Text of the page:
Antinatalism is a broad term that means, more or less, the voluntary extinction of humanity. There are varying schools of thought about how this can achieved, a minority believe this can be done through violence but most advocate humanity simply stop having children. The driving idea behind this belief is that humanity is a detriment to the Earth and to each other such that it would be better if we did not exist at all. Indeed, there are even some religious schools of thought who concur that it would be better had Man never existed. This is a bleak solution for a species capable of reason and and modifying behavior to embrace less destructive paths, but a cursory glance at news headlines suggests otherwise.
One only needs to look at the title of the opening track to see where Sluice Room stands in the spectrum of antinatalism; 'Here's What I Think of Your Gift (Parental Homicide).' When you hit play, the Antinatalist Variations opens with all the subtlety of someone pouring a jug of ice water down the back of your neck. Layered harsh textures of noise that seem to come from electric guitar distortion, elongated into a continuous and abrasive drone field, and then run through a series of effects. However, Sluice Room does not share their methods of audio mayhem, so the sounds could come from other sources. There are four tracks here that range from just over seven minutes to just over twelve, each as cataclysmic as the last.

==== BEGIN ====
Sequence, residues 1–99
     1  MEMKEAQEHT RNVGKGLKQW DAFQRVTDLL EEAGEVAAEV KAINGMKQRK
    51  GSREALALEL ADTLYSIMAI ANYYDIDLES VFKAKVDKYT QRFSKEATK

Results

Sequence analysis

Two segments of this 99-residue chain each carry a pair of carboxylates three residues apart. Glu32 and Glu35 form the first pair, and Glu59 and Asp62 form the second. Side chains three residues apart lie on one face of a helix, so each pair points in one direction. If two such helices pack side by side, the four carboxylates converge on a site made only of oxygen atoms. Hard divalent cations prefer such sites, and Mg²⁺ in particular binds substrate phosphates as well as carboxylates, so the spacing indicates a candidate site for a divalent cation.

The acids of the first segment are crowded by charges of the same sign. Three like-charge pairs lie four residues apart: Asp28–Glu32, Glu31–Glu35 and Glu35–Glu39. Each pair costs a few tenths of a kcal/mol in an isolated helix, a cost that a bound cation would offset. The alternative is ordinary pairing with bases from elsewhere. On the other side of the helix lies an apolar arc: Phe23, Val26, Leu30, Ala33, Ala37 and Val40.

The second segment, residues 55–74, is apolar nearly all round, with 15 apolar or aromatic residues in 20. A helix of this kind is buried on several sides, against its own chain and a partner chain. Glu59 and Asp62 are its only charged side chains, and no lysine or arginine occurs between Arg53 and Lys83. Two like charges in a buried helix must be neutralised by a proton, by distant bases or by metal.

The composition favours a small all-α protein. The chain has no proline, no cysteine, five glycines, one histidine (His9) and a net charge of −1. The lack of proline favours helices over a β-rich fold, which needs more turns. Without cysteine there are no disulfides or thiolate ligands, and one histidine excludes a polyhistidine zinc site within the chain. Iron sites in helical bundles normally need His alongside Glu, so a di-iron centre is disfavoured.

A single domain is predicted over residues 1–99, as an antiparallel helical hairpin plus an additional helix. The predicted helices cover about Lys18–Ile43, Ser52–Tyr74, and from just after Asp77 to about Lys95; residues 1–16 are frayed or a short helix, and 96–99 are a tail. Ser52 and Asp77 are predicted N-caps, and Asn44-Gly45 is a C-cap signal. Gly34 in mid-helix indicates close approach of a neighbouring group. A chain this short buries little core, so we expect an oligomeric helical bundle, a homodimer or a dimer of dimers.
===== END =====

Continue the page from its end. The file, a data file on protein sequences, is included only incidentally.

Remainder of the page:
Parts of 'Here's What I Think...' resonate with an intense, low-end reverberation that adds an evocative texture to the otherwise harsh effects of distortion, giving the stereo woofers a good work out. The following track, 'Secret Exit Path' has interesting frequencies that evoke the film, White Noise, starring Michael Keaton, which is about Electronic Voice Phenomenon (EVP) wherein the dead try to communicate with the living through analog cel phone, television and radio signals. The undulating textures of noise are such that the ear can almost make out human voices that seem to struggle through the dense field. My ears strain to decipher what they have to say. Next, we have 'The Forced Meat Goose Step', which has less harsh noise fields and accompanied with rhythmic mechanical clicks but mid way through some powerful generator surge pulses kick-in, followed by banshee-like distortion screeches that could be rage or agony or both. Then again, this is just noise and the human brain strives to 'humanize' sounds that could come from mundane sources. The Antinatalist Variations Closes with 'Cloistral Convalescence', which offers an industrial grade drones and low end reverberations, co-joined with what seems to be mechanical power tools that cut through...the artist's parents, perhaps? The packaging and track titles set for darker overtones but the sounds are some hefty, relentless noise with a wide enough range of textures and intensities to keep the listener engaged. Some very nice noise that stands up to repeated listens. Should these talents be of the violent variety of Antinatalism, we may not hear what other sounds they cook up (or forge) next, and that would be a pity.